I think the answer here is to come to a sort of compromise and have the team train in dri fit singlets. My team trains in singlets almost every day. We are in NC and it gets extremely hot and humid here (though not as bad as Florida). The team does not complain and neither does anybody else. You can go get some really cheap ones at Target or WalMart that are still moisture wicking and would work well. I don't see how anybody could say that you weren't being compliant if the team wore singlets.
Todays Tom Sawyer
RE: Any good research on running shirtless 5/21/2010 11:16AM - in reply to An elite who heat trains Reply | Return to Index | Report Post
Do you have any research you can point to on heat training?

Also, I don't know about this elite "sub-elite" stuff. I've seen lots of videos of Ryan Hall running without a shirt and he's elite by any standard. I dont know how your defining elite but plenty of good college teams do their long runs without shirts.
NotaDoc
RE: Any good research on running shirtless 5/21/2010 11:28AM - in reply to Todays Tom Sawyer Reply | Return to Index | Report Post
You can get a lot of (all of?) the benefits of heat training just by living in hot weather. It's probably best to be in the heat 24 hours/day, but I doubt anyone's dedicated enough to try it.

Stache, wouldn't the convective heat from the air actually be going INTO, not out of, your skin at high temperatures? Since the equation is h(Tinf-Ts), at 100+ degrees the air is actually heating you.
satuaerated
RE: Any good research on running shirtless 5/21/2010 2:06PM - in reply to NotaDoc Reply | Return to Index | Report Post
Have any of you other hot-weather runners ever noticed how cool your stomach becomes, even as your body overheats? I think they're even inversely related. The hotter I become, the colder my stomach gets. I think it's because your body sends extra blood to your abdomen, since it's in the front of the body and it can be cooled by the wind as you run. Much like how an elephant's ears fill with blood when it needs to cool itself. I've always thought that my body cannot cool as efficiently with a shirt on because the shirt is blocking the wind from my stomach. The stomach acts like a big radiator for heat!
The Stache
RE: Any good research on running shirtless 5/21/2010 2:16PM - in reply to NotaDoc Reply | Return to Index | Report Post
NotaDoc, you're right IF the temperature is hot enough. But it has to be HOT. Body core temp can easily rise to 40C during intense exercise, while intramuscular temps have been measured as high as 44C! Resting core body temp is 37C. Translated that's 98.6F for resting core temp, 40C=104F, and 44C=111.2F!!! I only know of one paper that showed 44, though. Most report 42c regularly, or just under 108F.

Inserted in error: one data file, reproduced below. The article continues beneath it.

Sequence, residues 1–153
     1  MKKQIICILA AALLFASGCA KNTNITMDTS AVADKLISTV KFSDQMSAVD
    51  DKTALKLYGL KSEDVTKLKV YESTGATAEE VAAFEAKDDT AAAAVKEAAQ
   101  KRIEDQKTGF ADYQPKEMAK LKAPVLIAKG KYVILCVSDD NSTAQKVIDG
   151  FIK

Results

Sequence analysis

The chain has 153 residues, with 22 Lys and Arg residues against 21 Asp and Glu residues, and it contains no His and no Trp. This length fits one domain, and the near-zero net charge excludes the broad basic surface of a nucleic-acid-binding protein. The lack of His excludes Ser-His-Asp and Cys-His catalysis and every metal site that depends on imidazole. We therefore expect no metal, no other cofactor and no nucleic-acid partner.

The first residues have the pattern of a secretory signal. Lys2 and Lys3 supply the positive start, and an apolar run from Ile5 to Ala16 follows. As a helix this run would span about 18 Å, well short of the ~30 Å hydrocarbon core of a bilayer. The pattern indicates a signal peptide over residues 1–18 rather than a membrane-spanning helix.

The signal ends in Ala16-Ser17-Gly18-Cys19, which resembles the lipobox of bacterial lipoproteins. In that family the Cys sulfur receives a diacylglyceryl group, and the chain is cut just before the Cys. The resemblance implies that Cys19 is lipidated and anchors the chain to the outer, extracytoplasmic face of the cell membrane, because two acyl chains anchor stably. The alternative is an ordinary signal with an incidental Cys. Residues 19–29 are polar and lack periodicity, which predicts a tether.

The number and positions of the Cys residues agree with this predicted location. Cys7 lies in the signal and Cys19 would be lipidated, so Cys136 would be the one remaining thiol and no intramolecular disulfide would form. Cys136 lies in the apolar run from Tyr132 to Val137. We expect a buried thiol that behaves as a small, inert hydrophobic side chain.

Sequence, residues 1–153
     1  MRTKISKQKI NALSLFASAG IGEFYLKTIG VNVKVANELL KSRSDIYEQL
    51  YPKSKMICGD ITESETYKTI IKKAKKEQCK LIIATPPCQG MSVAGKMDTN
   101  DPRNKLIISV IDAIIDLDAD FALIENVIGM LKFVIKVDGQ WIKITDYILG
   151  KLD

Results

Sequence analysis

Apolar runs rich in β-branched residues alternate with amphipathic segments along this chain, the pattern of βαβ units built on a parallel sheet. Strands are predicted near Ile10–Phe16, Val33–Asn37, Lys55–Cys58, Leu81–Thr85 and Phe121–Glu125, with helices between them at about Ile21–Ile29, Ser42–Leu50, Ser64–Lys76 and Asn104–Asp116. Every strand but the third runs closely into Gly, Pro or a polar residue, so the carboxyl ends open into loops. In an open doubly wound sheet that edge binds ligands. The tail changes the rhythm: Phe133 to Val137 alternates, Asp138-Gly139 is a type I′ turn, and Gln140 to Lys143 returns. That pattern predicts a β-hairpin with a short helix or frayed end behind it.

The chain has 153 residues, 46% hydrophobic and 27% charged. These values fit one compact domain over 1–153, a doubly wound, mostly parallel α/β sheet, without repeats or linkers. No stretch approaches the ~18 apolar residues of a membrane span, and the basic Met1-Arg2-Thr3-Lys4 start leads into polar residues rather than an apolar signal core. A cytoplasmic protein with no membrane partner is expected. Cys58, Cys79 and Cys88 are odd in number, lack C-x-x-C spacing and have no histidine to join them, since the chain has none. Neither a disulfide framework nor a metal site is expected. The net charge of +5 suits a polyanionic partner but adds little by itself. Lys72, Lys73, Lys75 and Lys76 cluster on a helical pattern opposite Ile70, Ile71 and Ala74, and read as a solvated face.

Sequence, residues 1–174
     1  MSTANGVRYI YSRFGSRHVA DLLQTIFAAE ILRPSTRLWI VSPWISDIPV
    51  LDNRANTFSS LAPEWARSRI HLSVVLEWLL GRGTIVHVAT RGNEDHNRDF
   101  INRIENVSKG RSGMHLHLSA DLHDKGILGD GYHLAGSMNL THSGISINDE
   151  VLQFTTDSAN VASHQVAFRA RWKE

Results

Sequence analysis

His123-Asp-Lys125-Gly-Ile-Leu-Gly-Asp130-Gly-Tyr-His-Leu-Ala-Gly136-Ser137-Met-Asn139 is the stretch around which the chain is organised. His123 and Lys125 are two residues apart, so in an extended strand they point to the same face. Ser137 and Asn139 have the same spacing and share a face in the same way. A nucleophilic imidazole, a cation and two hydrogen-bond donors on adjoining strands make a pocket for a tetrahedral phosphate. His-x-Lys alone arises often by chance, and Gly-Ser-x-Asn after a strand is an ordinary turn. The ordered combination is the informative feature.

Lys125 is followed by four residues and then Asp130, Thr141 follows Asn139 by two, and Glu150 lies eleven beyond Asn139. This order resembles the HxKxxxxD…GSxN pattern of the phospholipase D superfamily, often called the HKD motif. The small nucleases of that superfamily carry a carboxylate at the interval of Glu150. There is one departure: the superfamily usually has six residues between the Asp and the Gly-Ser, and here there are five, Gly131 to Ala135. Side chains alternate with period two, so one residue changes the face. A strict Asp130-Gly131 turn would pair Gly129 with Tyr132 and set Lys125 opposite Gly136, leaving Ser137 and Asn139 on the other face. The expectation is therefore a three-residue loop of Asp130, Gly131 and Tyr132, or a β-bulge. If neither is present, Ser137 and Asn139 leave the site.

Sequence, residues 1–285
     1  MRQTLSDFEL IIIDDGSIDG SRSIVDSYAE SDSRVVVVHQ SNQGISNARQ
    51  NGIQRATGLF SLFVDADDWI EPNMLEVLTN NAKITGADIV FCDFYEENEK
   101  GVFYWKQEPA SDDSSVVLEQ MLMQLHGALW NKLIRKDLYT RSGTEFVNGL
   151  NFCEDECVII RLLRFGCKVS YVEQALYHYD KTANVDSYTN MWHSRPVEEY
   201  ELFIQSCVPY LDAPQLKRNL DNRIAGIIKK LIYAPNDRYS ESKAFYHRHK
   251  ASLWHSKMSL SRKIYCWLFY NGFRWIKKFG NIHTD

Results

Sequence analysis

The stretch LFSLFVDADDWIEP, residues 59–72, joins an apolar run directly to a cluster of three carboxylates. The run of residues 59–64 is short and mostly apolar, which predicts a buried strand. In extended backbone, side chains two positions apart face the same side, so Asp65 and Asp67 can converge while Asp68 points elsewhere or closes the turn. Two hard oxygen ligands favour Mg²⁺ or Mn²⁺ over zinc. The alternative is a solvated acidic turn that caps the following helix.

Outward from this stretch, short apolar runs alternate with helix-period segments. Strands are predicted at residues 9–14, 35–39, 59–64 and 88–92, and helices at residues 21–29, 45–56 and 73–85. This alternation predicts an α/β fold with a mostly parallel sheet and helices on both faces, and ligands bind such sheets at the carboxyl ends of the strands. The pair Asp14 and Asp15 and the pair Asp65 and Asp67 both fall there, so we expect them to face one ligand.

Anyway, for convection to add heat to your body, the air temp has to be hotter than your body temp AND has to be so hot that it can overcome the heat dissipating effects of evaporation of sweat. Generally the only places you find temps that hot is where it is also very dry, so evaporation is going at a fast rate, removing a lot of heat from your body, so the temps really do have to be very high. That's why humidity, which impedes evaporation, compounds the heat problem so bad. It's worse to train in 90degrees and 80% humidity than 105 degrees but really dry, for example.
JAS
RE: Any good research on running shirtless 5/21/2010 2:18PM - in reply to The Stache Reply | Return to Index | Report Post
A couple of years ago I was at a Track/XC camp in the summer. One of the college kids running with the camp was from Egypt. He always laughed at us Americans for our philosophy of taking clothes off when we get hot. In Egypt they add more clothes. Light colored loose fitting clothes. I figured being from Eqypt, he knew more about dressing for heat than we did.
umpire over
RE: Any good research on running shirtless 5/21/2010 2:26PM - in reply to JAS Reply | Return to Index | Report Post
Egypt is a desert. America's summers are generally humid unless you're in the desert southwest. You can't really compare these climates.